Farmer Odisyoso Bugayo clears prosopis from his land.

CABI has shared its expertise in the sustainable management of invasive non-native plants as part of the UN Biodiversity Conference (COP15) which was seen as the “last chance” to reverse the destruction of the natural world.

Nearly 200 countries came together during the high-level talks in Montreal, Canada, with the aim of agreeing to reduce the threatened extinction of more than one million species and to protect 30% of land and sea.

The agreement also hopes to eliminate billions of dollars of environmentally-damaging government subsidies and see the restoration of degraded ecosystems.

CABI’s attendance comes after it also took part in the COP27 climate summit in Sharm-El-Sheikh, Egypt, where its commitment to helping millions of smallholder farmers around the world adapt to the impacts of climate change was highlighted.

Dr Hariet Hinz, CABI’s Global Director, Invasives, and Dr Ana Isabel Gonzalez Martinez a consultant on Invasive Alien Species at the Secretariat of the Convention on Biological Diversity (CBD), jointly organized a side event at COP15 in Montreal, Canada, which focused on Integrated Landscape Management (ILM) for the sustainable control of invasive non-native plants such as Prosopis julifora.

Dr Hinz gave a welcome and introduction, before speaking and showing a video about the management of Prosopis julifora through the Woody Weeds Project.

The side event also included presentations from Dr Michael Wironen, Director of Corporate Engagement for Food & Water, The Nature Conservancy, Dr Dickson Kaelo, CEO of the Kenyan Wildlife Conservancies Association (KWCA), Mr Mwayi Mkanthama, Environmental Officer in the Environmental Affairs Department in Malawi and Mr Rodwell Chandipo, Principle Environmental Inspector, at the Zambia Environmental Management Agency.

Prosopis julifora, together with climate change and land degradation, are major threats to people’s livelihoods in arid and semi-arid areas with each of these having negative impacts on ecosystem services – including vegetation biomass, which is a prime resource for pastoralists and agro-pastoralists.

CABI in 2021 helped launch the Swiss-Kenyan Woody Weeds + project to support a National Prosopis Strategy for Kenya which is aimed at the sustainable management of Prosopis julifora and builds upon the previous Woody Weeds project.

CABI also, in 2020, contributed to research published in the journal Scientific Reports prior to the launch of Wood Weeds +. This showed that, in contrast to encroachment by Prosopis julifora, the restoration of grasslands in tropical semi-arid regions was shown to both mitigate the impacts of climate change and restore key benefits usually provided by healthy grasslands.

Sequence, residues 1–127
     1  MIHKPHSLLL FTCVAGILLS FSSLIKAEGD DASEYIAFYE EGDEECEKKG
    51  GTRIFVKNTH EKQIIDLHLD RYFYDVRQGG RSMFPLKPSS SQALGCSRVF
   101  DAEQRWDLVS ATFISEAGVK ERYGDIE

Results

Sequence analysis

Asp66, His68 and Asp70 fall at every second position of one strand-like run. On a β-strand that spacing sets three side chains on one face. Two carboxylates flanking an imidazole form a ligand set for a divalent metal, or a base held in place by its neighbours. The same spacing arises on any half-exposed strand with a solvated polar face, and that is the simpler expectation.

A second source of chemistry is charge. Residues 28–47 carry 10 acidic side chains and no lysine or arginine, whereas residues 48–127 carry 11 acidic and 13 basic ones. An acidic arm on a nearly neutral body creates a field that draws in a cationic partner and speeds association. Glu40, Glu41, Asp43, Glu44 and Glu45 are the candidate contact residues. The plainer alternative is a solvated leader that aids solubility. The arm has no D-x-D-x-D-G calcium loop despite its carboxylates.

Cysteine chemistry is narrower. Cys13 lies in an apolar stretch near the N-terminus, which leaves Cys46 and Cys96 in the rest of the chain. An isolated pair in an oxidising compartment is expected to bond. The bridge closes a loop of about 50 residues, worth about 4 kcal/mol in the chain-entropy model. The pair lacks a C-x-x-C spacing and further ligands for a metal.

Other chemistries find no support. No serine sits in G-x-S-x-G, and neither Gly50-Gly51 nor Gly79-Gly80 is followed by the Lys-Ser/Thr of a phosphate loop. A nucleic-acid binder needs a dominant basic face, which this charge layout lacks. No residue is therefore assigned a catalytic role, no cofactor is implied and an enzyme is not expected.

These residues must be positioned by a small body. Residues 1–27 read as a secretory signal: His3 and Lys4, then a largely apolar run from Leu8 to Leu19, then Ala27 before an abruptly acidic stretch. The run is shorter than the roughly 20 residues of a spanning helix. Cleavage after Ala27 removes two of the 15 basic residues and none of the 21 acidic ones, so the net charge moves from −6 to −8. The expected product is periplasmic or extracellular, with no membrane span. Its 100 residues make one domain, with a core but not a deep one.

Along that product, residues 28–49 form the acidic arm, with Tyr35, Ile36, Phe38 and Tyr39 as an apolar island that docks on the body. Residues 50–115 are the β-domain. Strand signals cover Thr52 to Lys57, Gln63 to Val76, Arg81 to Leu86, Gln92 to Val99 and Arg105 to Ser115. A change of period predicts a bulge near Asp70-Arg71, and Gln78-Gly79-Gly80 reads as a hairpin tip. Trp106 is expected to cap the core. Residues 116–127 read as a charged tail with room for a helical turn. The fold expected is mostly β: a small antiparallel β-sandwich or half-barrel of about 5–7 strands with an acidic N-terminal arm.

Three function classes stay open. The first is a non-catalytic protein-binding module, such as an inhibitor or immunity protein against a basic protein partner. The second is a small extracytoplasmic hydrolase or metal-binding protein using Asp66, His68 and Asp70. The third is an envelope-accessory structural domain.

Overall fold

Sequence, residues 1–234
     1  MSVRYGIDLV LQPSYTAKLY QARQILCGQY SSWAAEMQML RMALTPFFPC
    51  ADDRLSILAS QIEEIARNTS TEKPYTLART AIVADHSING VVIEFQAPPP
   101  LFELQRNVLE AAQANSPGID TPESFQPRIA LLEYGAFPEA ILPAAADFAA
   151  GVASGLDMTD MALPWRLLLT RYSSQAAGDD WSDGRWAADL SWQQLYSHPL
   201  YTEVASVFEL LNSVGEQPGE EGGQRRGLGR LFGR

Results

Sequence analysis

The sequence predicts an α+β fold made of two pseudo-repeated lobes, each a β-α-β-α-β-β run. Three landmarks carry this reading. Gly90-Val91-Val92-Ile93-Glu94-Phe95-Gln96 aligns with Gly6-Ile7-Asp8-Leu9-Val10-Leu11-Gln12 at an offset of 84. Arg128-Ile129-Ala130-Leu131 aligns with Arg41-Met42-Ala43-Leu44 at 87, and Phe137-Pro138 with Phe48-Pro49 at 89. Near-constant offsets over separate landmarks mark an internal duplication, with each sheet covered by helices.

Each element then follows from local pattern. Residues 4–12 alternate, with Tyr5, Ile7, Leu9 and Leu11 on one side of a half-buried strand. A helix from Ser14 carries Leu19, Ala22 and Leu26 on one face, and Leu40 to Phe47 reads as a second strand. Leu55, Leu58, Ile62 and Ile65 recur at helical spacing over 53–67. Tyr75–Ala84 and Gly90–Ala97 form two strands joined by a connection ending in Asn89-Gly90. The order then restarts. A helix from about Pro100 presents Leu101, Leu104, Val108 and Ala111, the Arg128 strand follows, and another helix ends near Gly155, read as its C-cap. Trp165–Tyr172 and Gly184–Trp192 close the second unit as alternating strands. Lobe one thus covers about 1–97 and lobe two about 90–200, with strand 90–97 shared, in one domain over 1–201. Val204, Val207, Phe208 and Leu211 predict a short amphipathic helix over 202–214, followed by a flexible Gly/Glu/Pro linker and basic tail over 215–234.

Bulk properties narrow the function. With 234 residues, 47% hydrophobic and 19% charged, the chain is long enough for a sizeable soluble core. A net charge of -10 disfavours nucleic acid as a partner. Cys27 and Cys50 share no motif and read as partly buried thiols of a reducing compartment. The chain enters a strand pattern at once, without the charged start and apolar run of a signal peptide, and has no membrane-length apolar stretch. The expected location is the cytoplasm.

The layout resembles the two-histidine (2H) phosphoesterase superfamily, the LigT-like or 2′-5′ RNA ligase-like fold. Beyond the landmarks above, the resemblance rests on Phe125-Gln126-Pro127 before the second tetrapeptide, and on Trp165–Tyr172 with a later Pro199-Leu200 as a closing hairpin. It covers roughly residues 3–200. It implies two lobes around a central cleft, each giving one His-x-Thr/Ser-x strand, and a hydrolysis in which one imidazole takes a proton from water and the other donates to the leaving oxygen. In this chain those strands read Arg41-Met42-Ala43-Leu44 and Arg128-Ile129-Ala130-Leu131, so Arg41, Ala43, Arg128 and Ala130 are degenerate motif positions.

The UN Biodiversity Conference (COP15) which was seen as the “last chance” to reverse the destruction of the natural world.

Dr Hinz said, “Considering that invasive non-native plants do not only have impacts on ecosystem services, but also have a large socio-economic component – especially the so called ‘conflict species- we believe that ILM is the best approach to tackle plant invasions. It is necessary to get all stakeholders in a landscape on board to decide on spatially explicit management plans, reducing trade-offs and increasing synergies.”

As part of the side event, Dr Wironen spoke about The Nature Conservancy’s Foodscapes programme which maps the diversity of food production around the world to inform the transformation of how we produce food. He particularly focussed on their ‘Central Highlands Ecoregion Foodscape (CHEF)’ in Kenya, where there is potential to collaborate with CABI’s Woody Weeds + project, and our expertise in Integrated Pest Management (IPM) including nature-based solutions and the reduction of pesticide use.

Another highlight of the side event was the presentation by Dr Kaelo on the important role of conservancies for sustainable land management practices in Kenya. Currently, more than 200 conservancies exist, covering 13% of Kenya’s landmass or 7.3 million hectares. He showed that a mixed livestock-wildlife grazing system appears to increase biodiversity compared to either system alone.

Meanwhile Mr Mkanthama’s talk concentrated on ‘conflict species’ such as Prosopis and pines and he emphasized the importance cost-benefit analysis to obtain quantitative data for stakeholders to base their decision on whether to control such species or not.

Finally, Mr Chandipo highlighted successes and also challenges associated with using biological control agents for the management of invasive non-native plants. He mentioned Salvinia (Kariba weed) biological control as a promising project on the Lukanga swamp, in the Kafue River system. This follows lessons from an earlier release of biocontrol agents on a private farm which resulted in 100% control.

This is in contrast to mechanical and chemical control of, for example, Mimosa pigra (also known as the giant sensitive plant) and Lantana camara, which is not sustainable in the long run.

Additional information

Main image: A man clears Prosopis juliflora in Baringo County, Kenya (Credit: CABI).

Other relevant stories

See also the stories ‘Scientists suggest global guidelines for sustainable use of non-native trees to protect worldwide biodiversity,’ ‘Management of woody weeds in Baringo County, Kenya, may yield significant livelihood benefits’ and ‘Restoration of degraded grassland can benefit climate change mitigation and key ecosystem services.’